Short papers: Short articles including new results are accepted. Introduction and discussion should be restricted to the aim of the experiment and the immediate remarks. The refereeing procedure would be simplified to allow quick publication.
Review articles: Publication of reviews is encouraged. The length is not regulated but must be relative to the importance of the subject. So that readers can differentiate between review papers and original research papers, reviews should include the term "Review" in the title.
Technical notes: A technical note is a vehicle to report a new method, technique or procedure of interest to readers. When possible, a technical note should include a comparison of results from the new method with those from previous methods, using appropriate statistical methods. Both advantages and disadvantages of the new technique should be discussed. The words "Technical Note" should be the first or the last words of the title of such manuscripts.
Letters to the Editor: Letters judged suitable for publication by the Editor will be printed in a special section of the journal. The purpose is to encourage scientific debate and discussion among those interested in rabbit production and/or biology. These letters may refer to published articles and must provide supporting evidence based on published data for the points made, or must develop logical scientific hypotheses. Letters based on conjecture or on unsubstantiated claims will not be published. No new data may be presented in a letter. When appropriate, the authors of original papers will be invited to write a letter of response, and normally both letters will be published together.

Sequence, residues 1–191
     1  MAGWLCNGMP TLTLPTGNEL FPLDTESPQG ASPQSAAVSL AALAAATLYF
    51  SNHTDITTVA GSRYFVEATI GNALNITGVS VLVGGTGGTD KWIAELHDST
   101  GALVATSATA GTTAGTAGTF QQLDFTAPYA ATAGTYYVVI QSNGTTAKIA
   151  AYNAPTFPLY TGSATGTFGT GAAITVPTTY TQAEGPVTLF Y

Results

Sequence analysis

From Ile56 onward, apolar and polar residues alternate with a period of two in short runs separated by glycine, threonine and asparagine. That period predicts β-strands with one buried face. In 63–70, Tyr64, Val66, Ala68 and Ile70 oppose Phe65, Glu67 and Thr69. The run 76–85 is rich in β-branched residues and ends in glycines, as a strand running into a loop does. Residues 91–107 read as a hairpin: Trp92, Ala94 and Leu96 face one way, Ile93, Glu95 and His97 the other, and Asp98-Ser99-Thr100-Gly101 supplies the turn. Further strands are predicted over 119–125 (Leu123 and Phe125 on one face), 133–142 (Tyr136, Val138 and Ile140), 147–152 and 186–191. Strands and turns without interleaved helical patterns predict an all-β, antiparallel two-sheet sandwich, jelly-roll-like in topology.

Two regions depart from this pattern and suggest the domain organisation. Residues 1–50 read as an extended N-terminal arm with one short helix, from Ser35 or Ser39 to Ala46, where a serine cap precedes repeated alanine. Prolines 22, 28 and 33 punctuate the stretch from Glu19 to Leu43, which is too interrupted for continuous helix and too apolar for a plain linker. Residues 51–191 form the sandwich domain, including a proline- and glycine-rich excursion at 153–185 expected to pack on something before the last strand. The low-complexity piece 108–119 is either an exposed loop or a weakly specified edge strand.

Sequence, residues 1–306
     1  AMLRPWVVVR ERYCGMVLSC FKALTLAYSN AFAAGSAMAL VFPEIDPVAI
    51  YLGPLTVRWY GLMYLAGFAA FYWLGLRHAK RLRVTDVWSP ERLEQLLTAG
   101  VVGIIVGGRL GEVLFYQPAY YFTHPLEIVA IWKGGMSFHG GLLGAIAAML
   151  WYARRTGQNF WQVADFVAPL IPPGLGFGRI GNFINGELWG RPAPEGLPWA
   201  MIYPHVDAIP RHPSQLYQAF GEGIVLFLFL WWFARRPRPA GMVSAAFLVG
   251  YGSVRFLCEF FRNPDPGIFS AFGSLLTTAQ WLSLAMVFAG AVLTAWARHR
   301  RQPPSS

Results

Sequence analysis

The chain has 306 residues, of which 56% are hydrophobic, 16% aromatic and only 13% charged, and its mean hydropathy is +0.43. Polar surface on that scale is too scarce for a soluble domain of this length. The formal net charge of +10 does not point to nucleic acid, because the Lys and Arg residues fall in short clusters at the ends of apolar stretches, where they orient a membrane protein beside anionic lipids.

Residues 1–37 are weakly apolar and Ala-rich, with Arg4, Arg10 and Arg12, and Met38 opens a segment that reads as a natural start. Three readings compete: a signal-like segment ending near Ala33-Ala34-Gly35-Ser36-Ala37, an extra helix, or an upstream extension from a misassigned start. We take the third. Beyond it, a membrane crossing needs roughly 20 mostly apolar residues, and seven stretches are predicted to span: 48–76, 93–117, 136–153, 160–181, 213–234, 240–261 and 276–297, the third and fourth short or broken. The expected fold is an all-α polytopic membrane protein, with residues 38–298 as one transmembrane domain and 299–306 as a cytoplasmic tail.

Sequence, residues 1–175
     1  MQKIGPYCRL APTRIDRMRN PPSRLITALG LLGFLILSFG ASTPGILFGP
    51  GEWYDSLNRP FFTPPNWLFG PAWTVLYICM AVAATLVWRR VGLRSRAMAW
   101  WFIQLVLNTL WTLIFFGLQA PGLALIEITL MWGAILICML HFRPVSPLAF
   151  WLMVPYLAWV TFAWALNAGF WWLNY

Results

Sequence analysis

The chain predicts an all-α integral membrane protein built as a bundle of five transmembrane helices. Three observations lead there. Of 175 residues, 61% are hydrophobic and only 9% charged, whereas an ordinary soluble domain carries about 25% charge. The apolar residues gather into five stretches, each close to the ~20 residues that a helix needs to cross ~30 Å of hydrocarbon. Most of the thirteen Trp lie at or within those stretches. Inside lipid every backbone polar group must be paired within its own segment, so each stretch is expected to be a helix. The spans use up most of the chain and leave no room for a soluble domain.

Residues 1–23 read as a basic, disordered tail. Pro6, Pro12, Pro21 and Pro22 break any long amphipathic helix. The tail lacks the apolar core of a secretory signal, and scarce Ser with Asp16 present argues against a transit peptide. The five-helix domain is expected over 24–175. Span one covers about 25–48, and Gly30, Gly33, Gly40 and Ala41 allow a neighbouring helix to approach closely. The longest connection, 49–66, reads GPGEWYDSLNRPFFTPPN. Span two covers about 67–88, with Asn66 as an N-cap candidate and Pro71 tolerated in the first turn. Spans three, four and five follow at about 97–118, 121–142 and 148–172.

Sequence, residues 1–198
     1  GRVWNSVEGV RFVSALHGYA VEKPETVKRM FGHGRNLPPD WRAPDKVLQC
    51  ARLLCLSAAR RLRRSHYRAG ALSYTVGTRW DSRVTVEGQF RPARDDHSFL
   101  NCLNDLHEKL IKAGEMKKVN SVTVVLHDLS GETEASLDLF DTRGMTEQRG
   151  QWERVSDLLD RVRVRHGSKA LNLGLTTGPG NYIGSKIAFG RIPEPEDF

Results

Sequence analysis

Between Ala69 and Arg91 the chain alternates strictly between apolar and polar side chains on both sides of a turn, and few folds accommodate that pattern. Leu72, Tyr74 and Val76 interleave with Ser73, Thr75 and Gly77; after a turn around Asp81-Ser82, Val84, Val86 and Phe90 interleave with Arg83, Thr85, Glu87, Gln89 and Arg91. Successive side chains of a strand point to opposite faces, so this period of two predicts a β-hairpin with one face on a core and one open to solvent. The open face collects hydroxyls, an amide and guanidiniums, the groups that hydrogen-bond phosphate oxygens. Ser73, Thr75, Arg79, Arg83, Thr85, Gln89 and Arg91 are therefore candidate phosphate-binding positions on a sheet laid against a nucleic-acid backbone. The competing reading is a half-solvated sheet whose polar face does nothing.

Text: Papers must be written either in English, French, or Spanish following current usage. English spelling should follow that of the Oxford Dictionary (instead of "American" usage). Manuscripts should be typewritten on one side of the sheet of paper only, with wide margins and be double spaced. Words to be printed in italics should be in italics on the manuscript or underlined. Do not underline any other words and avoid excessive usage of italics to emphasize part of the text. The use of author- defined abbreviations and acronyms is discouraged. A list of acceptable abbreviations is published in each January issue of the Journal of Animal Science. If author-defined abbreviations are a real necessity, each abbreviation must be defined the first time it is used in the abstract and again in the body of the manuscript. The International System of Units should be used. Temperatures should be given in degrees Celsius (e.g. 39°C).